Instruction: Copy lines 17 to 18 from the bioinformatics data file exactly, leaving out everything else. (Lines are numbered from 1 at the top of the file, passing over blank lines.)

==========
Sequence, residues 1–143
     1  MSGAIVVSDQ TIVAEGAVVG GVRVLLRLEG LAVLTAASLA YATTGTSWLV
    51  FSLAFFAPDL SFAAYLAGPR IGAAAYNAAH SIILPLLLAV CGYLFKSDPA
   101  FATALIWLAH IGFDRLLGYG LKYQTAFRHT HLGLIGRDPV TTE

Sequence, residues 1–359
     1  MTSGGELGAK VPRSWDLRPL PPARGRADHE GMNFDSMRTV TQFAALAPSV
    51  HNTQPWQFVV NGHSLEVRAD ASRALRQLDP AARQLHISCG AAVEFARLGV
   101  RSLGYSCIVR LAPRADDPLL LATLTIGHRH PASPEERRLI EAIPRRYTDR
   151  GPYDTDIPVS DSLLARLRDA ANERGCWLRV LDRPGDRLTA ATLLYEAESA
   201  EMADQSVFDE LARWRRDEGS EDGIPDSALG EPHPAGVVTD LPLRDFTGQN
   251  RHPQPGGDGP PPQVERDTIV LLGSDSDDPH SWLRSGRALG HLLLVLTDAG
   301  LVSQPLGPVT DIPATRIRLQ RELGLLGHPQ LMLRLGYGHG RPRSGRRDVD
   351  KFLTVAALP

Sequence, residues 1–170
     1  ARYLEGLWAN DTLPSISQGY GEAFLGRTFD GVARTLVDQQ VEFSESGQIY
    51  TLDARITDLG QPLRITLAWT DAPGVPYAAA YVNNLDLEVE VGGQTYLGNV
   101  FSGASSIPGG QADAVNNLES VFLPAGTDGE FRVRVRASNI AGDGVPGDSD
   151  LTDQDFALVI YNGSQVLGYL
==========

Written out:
   101  FSGASSIPGG QADAVNNLES VFLPAGTDGE FRVRVRASNI AGDGVPGDSD
   151  LTDQDFALVI YNGSQVLGYL